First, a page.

The Institute of Japan Applied Food Materials Science, Japan Association of Special Scientist, Japan
Received Date: March 02, 2017 Accepted Date: March 10, 2017 Published Date: March 21, 2017
Citation: Inooka S (2017) Systematic Preparation of Artificial Cells (DNA Crown Cells). J Chem Eng Process Technol 8: 327. doi: 10.4172/2157-7048.1000327
Copyright: © 2017 Inooka S. This is an open-access article distributed under the terms of the Creative Commons Attribution License, which permits unrestricted use, distribution, and reproduction in any medium, provided the original author and source are credited.
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Artificial cells, which are engineered particles that mimic one or many functions of biological cells, have attracted much attention in recent decades as a new technology. In a previous study, artificial cells were prepared using chicken eggs and sphingosine-DNA. The resulting DNA crown cells were surrounded by a membrane containing lipid and DNA, which was formed with egg white components. The study describes a novel method that allows the easy preparation of DNA crown cells using adenosine and monolaurin.
Adenosine; Artificial cells; DNA crown cells; Sphingosine DNA
There has been significant progress in the generation of artificial cells [1-4], however, till date, no artificial cells have been constructed that can autonomously replicate. In previously established method [5,6] in which artificial cells can be cultivated in egg whites by combining adenosine with sphingosine (Sph) and DNA. In studying the mechanism underlying the formation of artificial cells, It was demonstrated that Sph and DNA aggregate with egg white components, and artificial cells are formed from these Sph-DNA aggregates . The surface of these artificial cells is covered with DNA, which were named DNA crown cells. Previous experiments  have also suggested that DNA crown cells can be formed from adenosine and lipids, as well as the proto-cells of artificial cells generated within egg white. To determine if this could indeed be done, preparation of DNA crown cells was performed using adenosine and monolaurin compounds, and was successful in this task.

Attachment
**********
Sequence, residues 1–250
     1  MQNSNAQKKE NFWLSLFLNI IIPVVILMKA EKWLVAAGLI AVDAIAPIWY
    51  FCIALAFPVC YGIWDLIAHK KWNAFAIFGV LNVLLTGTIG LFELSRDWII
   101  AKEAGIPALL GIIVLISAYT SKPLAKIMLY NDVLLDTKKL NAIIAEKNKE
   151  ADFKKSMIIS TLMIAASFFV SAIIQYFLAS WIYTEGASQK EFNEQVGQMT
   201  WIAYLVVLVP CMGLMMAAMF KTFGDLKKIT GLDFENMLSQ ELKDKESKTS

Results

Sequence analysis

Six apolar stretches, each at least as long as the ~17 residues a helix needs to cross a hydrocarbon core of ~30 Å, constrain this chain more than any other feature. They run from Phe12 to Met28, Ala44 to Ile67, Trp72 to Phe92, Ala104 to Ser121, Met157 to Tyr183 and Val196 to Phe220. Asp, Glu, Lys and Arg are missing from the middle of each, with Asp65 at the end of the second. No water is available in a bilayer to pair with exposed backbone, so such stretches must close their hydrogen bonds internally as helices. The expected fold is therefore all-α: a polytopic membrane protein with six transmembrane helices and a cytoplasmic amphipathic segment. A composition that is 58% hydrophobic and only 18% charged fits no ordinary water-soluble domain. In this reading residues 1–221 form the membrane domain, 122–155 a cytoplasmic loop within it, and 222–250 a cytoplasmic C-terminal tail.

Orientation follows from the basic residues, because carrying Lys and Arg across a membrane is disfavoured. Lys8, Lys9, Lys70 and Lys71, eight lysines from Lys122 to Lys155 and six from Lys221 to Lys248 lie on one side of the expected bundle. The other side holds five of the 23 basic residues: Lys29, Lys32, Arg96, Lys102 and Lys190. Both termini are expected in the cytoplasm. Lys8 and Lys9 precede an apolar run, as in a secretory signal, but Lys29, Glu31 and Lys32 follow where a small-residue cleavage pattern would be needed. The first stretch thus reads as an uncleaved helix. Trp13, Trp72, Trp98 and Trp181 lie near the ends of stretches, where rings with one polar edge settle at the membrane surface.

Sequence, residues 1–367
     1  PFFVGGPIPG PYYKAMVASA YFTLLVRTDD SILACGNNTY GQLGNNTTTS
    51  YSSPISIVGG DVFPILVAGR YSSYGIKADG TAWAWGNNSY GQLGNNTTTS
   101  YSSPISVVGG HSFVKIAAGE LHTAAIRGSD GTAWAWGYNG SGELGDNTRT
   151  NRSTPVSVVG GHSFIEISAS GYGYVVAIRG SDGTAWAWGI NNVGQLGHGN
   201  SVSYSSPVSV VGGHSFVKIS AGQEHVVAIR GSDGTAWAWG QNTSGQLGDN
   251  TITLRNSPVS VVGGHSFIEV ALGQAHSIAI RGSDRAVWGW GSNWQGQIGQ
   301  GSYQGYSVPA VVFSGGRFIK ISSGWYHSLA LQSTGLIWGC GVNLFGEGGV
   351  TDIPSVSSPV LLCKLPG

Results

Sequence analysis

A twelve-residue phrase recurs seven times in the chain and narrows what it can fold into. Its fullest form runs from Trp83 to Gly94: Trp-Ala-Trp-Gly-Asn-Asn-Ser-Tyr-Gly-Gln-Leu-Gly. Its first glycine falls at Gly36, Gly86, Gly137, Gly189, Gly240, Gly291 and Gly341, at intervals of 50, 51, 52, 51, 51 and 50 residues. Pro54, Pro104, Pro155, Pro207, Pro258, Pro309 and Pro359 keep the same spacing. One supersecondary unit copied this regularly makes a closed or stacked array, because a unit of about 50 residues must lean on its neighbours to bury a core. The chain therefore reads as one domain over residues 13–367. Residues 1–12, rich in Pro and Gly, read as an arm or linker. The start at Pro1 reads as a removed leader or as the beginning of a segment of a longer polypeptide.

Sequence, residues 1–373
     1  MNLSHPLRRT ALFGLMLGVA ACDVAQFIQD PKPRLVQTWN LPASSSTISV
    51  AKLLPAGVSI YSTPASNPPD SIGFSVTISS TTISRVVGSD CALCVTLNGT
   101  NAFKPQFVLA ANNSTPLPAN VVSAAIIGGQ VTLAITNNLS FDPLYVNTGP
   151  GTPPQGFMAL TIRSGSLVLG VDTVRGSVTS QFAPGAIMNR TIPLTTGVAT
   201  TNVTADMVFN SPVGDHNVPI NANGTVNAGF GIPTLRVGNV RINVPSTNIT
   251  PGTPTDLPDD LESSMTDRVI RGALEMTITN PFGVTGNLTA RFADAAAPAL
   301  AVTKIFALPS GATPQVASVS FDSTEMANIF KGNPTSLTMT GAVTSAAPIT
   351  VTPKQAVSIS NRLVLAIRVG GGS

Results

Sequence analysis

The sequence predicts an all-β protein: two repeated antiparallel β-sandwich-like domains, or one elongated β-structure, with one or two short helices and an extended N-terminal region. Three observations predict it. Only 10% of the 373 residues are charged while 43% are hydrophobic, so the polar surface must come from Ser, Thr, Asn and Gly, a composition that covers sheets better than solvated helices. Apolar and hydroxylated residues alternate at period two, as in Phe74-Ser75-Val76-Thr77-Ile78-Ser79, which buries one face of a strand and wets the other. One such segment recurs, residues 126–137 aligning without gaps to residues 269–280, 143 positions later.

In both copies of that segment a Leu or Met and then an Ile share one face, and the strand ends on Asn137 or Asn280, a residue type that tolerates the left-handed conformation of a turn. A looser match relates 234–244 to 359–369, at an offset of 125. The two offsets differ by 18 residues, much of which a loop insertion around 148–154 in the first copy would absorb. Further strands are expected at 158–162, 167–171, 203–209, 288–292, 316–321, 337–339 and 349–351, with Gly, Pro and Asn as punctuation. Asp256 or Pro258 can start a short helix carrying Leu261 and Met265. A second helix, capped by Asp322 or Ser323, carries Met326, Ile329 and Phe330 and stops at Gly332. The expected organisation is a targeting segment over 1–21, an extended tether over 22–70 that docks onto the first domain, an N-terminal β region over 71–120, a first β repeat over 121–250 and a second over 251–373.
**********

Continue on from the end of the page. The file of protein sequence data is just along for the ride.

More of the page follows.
Sph was purchased from Sigma (St. Louis, MO, USA), DNA was obtained from Escherichia coli strain B (Sigma), adenosine was purchased from Sigma and Wako (Osaka, Japan), and monolaurin was obtained from Tokyo Kasei University (Tokyo, Japan).
Step 1: Preparation of the adenosine-monolaurin compound
• The adenosine-monolaurin compound was prepared by adding 0.4 mL (0.1 M) monolaurin to 0.4 mL (0.1 M) adenosine solution.
• After mixing, 0.15 mL ethanol was added to the solution, after which the precipitate was collected and dried.
• Then the adenosine-monolaurin precipitate was dissolved in 1.0 mL distilled water and used in subsequent experiments.
Step 2: Preparation of Sph-DNA and adenosine-monolaurin aggregates
• Sph (90 μL, 10 mM) was added to 40 μL DNA (1.7 μg/μL).
• After the mixture was heated, adenosine-monolaurin solution (50 μL) was added.
• Then, one drop of ethidium bromide solution was added to the Sph-DNA/adenosine-monolaurin mixture, which was placed on a glass slide
• Observation was done with the help of phase contrast and fluorescence microscopy.
In general, two types of aggregates, mucoid (Figures 2a and 2b) and crystal types (Figure 2c) were prepared. Fluorescence was observed in the inside of the crystal type aggregates (Figure 2d), demonstrating that Sph-DNA aggregates were successfully and easily prepared.